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2016 Tennis On Campus National Championship Day 1 recap
By Steve Pratt, special to TennisOnCampus.com
Both UC-Berkeley co-captain’s Riccardo Lemos and Sarah Dessouki have played at two Nationals, and both times they went back to campus in Northern California as national champions as the Golden Bears won it all in 2014 and again in 2015.
The last school to win consecutive national championships was Texas A&M, which enjoyed a four-season title run from 2004 to 2007.
Lemos, who was born in Italy and raised in Brazil, and Dessouki, who is from Egypt, would prefer to leave the past in the past. “Last year’s win doesn’t mean anything,” Lemos said. “It’s a new year and we are focused on today. We want to write a new story.”
Dessouki said not thinking about the past takes some of the pressure off. “Everyone wants to knock off the defending champs,” she said. “We had such a strong team last year. But we’ve grown a lot this year and having really come together as a team. We’ll see what happens.”
UC-Berkeley (pictured above) is led by top doubles player James Kong from Hong Kong and Dessouki is the No. 1 women’s player. Other team members include Danielle Caro, Kelsey Chong, Catinca Negru, Aiswarya Sankar, Evan Sheng, Manpreet Tiwana and Mike Wang.
Glenn Arrington, National Director of USTA Tennis On Campus, enjoyed watching the co-ed competition. “We had some amazing mixed doubles matches today,” said Arrington. “The guys were booming the serves, and the girls were whacking ‘em back. If you’re going to win a national title, you have to know how important the mixed doubles points are.”
Glad to be Back
Western Washington continued its amazing streak of having played at every single Nationals, the only school in the country to hold that distinction dating back to the first Nationals in 2000.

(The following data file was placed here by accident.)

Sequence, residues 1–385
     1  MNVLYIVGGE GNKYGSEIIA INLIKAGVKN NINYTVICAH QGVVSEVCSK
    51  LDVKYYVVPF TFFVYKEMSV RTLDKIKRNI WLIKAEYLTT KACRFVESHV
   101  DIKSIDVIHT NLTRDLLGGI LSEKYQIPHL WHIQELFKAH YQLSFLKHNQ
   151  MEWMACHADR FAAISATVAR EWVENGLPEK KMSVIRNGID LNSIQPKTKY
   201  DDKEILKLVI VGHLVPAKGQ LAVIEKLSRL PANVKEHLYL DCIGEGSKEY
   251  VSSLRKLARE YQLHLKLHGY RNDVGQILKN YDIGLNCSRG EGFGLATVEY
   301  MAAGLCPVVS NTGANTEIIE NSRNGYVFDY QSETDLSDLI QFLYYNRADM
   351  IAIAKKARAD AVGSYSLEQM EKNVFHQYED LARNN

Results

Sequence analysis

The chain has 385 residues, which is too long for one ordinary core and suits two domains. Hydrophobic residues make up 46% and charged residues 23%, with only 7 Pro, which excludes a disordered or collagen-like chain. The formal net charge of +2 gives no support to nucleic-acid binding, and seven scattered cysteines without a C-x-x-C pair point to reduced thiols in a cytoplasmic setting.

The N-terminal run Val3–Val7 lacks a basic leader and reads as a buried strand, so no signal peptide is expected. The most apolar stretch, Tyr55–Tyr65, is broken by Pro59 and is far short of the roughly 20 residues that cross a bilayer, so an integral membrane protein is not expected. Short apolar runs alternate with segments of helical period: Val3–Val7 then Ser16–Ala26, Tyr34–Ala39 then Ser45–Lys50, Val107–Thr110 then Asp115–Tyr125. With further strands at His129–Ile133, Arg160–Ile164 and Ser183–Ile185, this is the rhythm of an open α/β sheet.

Team captain Nick Jarvis said there is a sense of pride about the accomplishment within the team. “Seventeen straight years is a long time,” Jarvis said. “We’ve had teams competing here longer than we’ve been playing tennis.”
Western Washington is led by 6-foot-5 freshman Ben Devries, who played high school tennis at Bainbridge High near Seattle. The top female player is Sierra Southworth, a “super senior” who has played on the team for five years.
Jarvis said club sports at the Bellingham, Wash., school are huge, and that the club water skiing team recently won a national championship.
Happy to be Here
The Illinois Institute of Technology captain said his team could hardly contain themselves once they got word that they would be attending Nationals as one of seven first-time schools. “People started crying when he heard the news,’ said Mihai-George Beloiu. “Everyone was going crazy and jumping around.”
Beloiu said it’s important to get some wins, but said it’s all about the experience. “It’s so new, but we don’t want to just show up; we want to get some wins.”
The other first-time schools include: West Virginia, University of Illinois – Chicago, North Dakota State, University of Houston, San Diego State, and Stephen F. Austin State.
Save the Date
The 2017 Tennis On Campus National Championships will take place at the new USTA National Campus on April 13-15, 2017, in Orlando, Fla.
One of the largest tennis facilities in the world, the 63-acre, 102-court facility is currently under construction and will host numerous national events upon opening in January, 2017.
The USTA Tennis On Campus National Championships switches venues every two years and enjoyed a great last two years at one of the nation’s top tennis facilities, the Cary Park Tennis Center.
Resident Tennis Pro
The USTA’s First Vice President Andy Andrews, who resides in nearby Raleigh, N.C., paid a visit to the Nationals on Thursday and was impressed with the level of play. “These kids are out there having a great time, staying active and playing some great tennis,” Andrews said. “To see the way this event has grown with the strong partnerships between NIRSA (National Intramural Recreation Sports Association), WTT (World TeamTennis) and the USTA directed by Glenn Arrington and his staff is really remarkable.”
They didn’t add up SAT scores in this one, but if they would have it might have been closer than the first match in pool play between Stanford University and Yale University as the Northern California Pac-12 school got the better of the Ivy League school, 26-16.